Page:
Pug breathing problems are relatively common within the breed and indeed there can be several things that may contribute to the issue throughout their lifetime. What follows are just five of the main causes and the hope is that if you are aware of them in advance, then you will be able to spot a problem before it develops and can deal with the issue in order to stop them suffering from any distress or discomfort.
Pug Breathing Problems – 5 Main Causes
- They Have Undersized Nostrils
This is a condition that is quite common amongst pugs and it is also often referred to as them suffering from Stenotic Nares, which just means undersized nostrils. Clearly when they have this condition it does mean that less air is going to be drawn in through them putting pressure on their system and resulting in you tending to hear them struggling to breathe.
The good news, however, is that this condition can be fixed with surgery and it does have a very good success rate and will certainly ease the breathing problems that your pug is suffering from.
- They Have An Elongated Soft Palate
This is a condition that is quite close in nature to undersized nostrils, but it does also hamper their breathing and potentially lead to problems. The issue here is that a longer soft palate can obstruct the airway to a certain extent and of course when this happens it puts more pressure on their breathing and you will often hear them gagging, snoring, and gurgling as they battle with the issue.
As with the undersized nostrils issue, this can be corrected via surgery and it is not unknown for a pug to suffer from both complaints, in which case both will be corrected at the same time to improve their breathing.
- A Build Up Of Bacteria Around Their Nose
Due to the various rolls and more condensed nose that exists on a pug, it is important that you clean the area in order to stop bacteria building up leading to infections. If you do not clean their face, then it may lead to their nose becoming infected leading to respiratory conditions developing and this does of course lead to them developing a breathing problem.
If this happens you will need to take them to your local vet as they will be able to give them treatment to cure the problem and allow their breathing to return back to normal. Look at this cause as being the same as us picking up the flu and how it can affect our breathing, then make it harder due to a smaller and tighter airway to begin with and you will understand the problem that your pug will be having when it comes to breathing.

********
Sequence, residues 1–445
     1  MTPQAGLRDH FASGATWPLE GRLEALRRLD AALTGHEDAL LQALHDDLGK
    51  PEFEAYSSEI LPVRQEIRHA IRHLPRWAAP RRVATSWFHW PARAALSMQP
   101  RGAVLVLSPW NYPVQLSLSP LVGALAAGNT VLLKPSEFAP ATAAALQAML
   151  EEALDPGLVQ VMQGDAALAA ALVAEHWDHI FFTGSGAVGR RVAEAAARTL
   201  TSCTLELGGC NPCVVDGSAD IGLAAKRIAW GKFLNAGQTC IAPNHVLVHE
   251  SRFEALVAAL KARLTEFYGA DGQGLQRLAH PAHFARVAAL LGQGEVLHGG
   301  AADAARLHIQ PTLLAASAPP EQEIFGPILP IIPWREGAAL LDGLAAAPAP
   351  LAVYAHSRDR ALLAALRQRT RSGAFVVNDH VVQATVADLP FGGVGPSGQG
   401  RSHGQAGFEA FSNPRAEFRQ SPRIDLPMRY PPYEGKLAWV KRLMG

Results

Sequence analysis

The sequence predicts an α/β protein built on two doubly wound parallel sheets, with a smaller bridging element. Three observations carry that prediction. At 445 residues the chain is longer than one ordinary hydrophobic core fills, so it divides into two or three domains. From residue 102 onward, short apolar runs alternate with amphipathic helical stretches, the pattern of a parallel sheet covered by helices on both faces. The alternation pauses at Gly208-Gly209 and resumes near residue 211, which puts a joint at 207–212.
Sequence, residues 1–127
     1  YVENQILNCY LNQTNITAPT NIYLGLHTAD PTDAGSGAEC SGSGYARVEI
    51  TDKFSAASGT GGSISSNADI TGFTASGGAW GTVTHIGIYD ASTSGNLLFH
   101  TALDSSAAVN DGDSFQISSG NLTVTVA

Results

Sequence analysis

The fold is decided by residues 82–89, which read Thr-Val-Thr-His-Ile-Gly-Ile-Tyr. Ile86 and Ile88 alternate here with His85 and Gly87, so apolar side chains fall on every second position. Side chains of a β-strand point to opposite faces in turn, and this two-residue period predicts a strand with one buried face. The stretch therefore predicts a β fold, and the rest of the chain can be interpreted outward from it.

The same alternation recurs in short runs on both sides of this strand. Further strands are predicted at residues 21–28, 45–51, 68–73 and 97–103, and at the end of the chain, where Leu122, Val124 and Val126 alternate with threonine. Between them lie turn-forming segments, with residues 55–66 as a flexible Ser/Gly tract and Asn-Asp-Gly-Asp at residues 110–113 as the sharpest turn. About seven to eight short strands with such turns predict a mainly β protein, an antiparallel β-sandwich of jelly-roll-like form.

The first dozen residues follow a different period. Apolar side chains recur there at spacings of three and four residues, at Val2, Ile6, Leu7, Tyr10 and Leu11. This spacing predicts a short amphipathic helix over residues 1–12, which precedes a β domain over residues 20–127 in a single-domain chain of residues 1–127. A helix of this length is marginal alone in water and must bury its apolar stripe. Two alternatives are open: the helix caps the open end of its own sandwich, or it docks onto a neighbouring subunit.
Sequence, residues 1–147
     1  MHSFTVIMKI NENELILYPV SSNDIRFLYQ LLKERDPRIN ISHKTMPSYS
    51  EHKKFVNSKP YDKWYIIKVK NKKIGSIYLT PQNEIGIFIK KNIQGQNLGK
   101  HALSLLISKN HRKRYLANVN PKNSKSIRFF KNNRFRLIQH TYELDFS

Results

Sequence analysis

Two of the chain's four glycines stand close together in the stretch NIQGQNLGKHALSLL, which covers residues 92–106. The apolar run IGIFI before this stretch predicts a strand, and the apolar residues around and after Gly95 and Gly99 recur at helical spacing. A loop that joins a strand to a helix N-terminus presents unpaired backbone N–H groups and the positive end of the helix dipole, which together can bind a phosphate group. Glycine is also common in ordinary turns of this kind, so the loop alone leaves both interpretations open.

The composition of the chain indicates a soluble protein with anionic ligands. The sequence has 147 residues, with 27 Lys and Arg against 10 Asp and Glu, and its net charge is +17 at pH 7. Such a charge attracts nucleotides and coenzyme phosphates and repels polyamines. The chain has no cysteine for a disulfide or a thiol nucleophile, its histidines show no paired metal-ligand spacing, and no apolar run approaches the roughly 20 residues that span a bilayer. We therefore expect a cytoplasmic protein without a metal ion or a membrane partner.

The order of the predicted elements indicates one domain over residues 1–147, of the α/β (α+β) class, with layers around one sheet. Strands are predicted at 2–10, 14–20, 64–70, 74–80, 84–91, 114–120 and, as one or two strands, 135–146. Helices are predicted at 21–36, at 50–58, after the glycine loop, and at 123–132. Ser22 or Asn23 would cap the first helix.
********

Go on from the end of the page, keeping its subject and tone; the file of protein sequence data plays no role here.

- Allergies And A Reaction To Smoke
A pug may have an allergic reaction to something in much the same way as humans can have hayfever that leaves us feeling bunged up like we have a head cold. This allergic reaction can lead to them finding it harder to breathe in much the same way as we do and you will then tend to hear them panting and trying so hard to get more in.
If you see them acting in this way, then it may be worth giving them an antihistamine just the same as we do as this can ease the symptoms they are feeling and also help their breathing to return back to normal.
- They Are Overweight Or Too Hot
Finally, your pug may develop breathing problems if they are too hot or overweight and this is due to the way in which the body reacts in both situations. When they are too hot they are going to want more cool air into their body in order to cool down, but thanks to them having a more condensed nose it does make it harder to get that extra air into their body to have an impact.
When they are overweight there is of course some excess pressure on their system and they need more air to really do anything, so in this instance you need to get them to a cool area and also to get them to lose some weight.
Those are five main causes for pug breathing problems and if you see your pug developing any of them, then you are advised to take appropriate action and keep a close eye on their health in general to see if they are suffering in any way. The issue is common, but not every single pug will suffer from them, but if you have any doubt, then do take them to your local veterinary surgeon just to get them checked out even if it is for your own peace of mind.
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